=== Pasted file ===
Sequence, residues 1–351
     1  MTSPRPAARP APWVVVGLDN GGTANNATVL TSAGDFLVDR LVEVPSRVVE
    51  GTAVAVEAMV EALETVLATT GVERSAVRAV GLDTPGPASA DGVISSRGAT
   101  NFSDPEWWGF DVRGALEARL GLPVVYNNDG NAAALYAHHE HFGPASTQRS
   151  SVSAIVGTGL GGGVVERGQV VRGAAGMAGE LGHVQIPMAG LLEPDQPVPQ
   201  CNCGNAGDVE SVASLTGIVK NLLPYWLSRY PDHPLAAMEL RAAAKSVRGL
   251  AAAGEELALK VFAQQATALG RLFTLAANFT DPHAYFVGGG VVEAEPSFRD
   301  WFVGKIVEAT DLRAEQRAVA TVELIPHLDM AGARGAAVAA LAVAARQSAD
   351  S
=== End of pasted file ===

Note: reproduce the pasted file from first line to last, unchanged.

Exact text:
Sequence, residues 1–351
     1  MTSPRPAARP APWVVVGLDN GGTANNATVL TSAGDFLVDR LVEVPSRVVE
    51  GTAVAVEAMV EALETVLATT GVERSAVRAV GLDTPGPASA DGVISSRGAT
   101  NFSDPEWWGF DVRGALEARL GLPVVYNNDG NAAALYAHHE HFGPASTQRS
   151  SVSAIVGTGL GGGVVERGQV VRGAAGMAGE LGHVQIPMAG LLEPDQPVPQ
   201  CNCGNAGDVE SVASLTGIVK NLLPYWLSRY PDHPLAAMEL RAAAKSVRGL
   251  AAAGEELALK VFAQQATALG RLFTLAANFT DPHAYFVGGG VVEAEPSFRD
   301  WFVGKIVEAT DLRAEQRAVA TVELIPHLDM AGARGAAVAA LAVAARQSAD
   351  S